Lebanon

Lebanon

By Afro-Middle East Centre The election of General Michel Aoun as president of Lebanon earlier this month ends a two-and-half year stalemate when the country could not agree on who the president should be, and parliament extended its own term twice. It also points to a reconfiguration of the bipolar coalition politics which have severely gridlocked the country’s formal political processes. Aoun’s election was spurred mainly by domestic political manoeuvrings, but it will mean little in terms of service delivery and improvements in governance for the Lebanese citizenry. Nor will it result in any immediate change in the country’s stance…
By Afro-Middle East Centre Beginnings Hizbullah was established in 1982, at the height of Lebanon’s fifteen-year civil war, to protect Lebanon’s Shi'a community which, at the time, was one of the country’s most disadvantaged communities. Its main objective was opposition to Israeli aggression against Palestinians and Lebanon, and it hoped to engender a more favourable view of Iran. The party’s most concrete advances occurred after the 1990 Saudi-brokered Taif Accord which ended the civil war. Israel’s occupation of southern Lebanon allowed Hizbullah to retain its weapons, unlike other militia groupings which were largely disarmed and incorporated into the country’s formal…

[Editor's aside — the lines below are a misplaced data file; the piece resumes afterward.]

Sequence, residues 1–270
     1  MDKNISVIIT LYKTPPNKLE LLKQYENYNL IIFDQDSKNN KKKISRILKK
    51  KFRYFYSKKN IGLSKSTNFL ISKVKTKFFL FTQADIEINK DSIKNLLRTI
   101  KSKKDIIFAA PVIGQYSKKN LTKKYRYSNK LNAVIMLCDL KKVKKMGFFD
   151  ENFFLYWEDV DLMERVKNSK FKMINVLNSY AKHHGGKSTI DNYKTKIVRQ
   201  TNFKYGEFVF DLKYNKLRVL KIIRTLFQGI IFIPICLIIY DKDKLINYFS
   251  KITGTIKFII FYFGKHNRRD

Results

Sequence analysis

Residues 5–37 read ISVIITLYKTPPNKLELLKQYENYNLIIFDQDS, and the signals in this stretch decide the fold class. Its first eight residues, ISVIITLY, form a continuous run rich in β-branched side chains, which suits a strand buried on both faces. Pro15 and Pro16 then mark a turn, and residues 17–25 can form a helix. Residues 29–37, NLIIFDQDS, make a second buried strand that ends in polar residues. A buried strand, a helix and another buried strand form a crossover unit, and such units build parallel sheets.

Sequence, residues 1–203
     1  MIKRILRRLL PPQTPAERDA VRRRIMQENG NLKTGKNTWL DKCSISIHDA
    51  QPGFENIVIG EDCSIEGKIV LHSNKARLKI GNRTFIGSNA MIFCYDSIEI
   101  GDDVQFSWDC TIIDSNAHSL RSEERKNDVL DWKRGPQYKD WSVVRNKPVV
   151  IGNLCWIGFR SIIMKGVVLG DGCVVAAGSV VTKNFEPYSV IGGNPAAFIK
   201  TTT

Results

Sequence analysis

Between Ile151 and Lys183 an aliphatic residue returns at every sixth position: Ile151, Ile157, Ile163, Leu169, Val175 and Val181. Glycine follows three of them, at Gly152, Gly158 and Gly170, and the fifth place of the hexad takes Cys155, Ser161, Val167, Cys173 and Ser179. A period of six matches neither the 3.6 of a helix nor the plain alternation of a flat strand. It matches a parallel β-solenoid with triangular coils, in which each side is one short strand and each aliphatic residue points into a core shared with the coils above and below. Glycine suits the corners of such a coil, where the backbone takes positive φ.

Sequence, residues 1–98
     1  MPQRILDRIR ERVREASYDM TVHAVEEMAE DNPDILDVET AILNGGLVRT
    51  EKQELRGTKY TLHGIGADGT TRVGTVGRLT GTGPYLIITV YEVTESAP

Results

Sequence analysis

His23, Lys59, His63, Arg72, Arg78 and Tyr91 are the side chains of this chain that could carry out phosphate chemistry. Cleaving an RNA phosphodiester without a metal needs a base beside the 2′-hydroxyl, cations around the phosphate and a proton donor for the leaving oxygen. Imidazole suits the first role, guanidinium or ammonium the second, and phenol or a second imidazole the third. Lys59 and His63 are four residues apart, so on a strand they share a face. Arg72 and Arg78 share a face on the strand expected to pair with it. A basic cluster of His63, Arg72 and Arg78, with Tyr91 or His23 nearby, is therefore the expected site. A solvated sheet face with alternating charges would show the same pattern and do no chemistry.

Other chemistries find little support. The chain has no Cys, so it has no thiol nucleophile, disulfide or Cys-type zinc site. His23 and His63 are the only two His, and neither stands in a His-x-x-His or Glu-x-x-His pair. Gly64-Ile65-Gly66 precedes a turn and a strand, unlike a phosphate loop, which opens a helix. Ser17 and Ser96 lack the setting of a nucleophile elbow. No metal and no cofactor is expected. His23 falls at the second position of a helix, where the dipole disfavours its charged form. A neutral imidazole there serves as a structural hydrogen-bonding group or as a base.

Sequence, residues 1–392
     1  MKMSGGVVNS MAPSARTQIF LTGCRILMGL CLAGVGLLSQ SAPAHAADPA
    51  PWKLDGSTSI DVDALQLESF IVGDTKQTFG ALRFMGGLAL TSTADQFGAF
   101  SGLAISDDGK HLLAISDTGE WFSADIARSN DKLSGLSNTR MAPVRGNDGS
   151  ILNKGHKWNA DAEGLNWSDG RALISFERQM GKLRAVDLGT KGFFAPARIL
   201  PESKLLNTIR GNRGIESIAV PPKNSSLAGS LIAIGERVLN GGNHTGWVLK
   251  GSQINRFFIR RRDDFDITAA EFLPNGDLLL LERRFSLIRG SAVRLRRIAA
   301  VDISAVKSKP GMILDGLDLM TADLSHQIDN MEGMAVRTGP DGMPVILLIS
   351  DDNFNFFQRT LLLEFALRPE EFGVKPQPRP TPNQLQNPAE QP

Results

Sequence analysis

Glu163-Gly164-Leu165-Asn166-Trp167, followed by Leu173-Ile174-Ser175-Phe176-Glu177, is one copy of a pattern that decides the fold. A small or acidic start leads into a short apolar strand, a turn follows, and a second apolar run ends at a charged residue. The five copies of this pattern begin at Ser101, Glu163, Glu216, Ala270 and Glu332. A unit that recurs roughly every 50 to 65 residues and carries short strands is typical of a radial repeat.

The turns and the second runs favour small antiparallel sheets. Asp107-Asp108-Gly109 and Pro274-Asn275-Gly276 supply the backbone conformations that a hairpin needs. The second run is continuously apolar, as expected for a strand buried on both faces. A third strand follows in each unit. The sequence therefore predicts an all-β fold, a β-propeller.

By Lamis Andoni  The 2005 assassination of Lebanon's Prime Minister Rafik Hariri was followed by the launching of an international investigation into the assassination, and the subsequent setting up of the Special Tribunal for Lebanon (STL) in 2007. Both were problematic from the outset. First, it was unprecedented for a special foreign tribunal - albeit nominally under United Nations sponsorship - to be established to investigate the assassination of a state official. This unprecedented step raised suspicions as to the real political motivations of the west. Second, the process instantly became a further catalyst for the polarisation that had been…
By Lamis Andoni Four years after the end of the Lebanon war, the role of the United Nations Interim Forces in Lebanon (UNIFIL), which had been entrusted with keeping the peace between Israel and Lebanon, has been thrown into doubt amid intensifying threats of another war. Both Israel and Hizbullah, the latter having been the main target of Israel's 2006 war, have stepped up their accusations against UNIFIL. Israel is again accusing the peacekeeping forces of failure in preventing, if not of collaborating with, Hizbullah in its replenishment of its military power in South Lebanon. Hizbullah, meanwhile, believes that "certain…
Reviewed by Na'eem Jeenah Sandra Mackey sets herself a few tasks for this book. Firstly, she expects to give the reader an overview of the contemporary situation in Lebanon and to analyse the issues besetting Lebanese society by examining its history and sociology. Secondly, she hopes to use Lebanon to show that the rest of the Arab world has similar issues that it needs to confront and that Lebanon is 'mirrored' in the Arab world. Finally, she expects to do all this in a readable, easy manner. She succeeds in some of these tasks and fails (sometimes miserably) in others.

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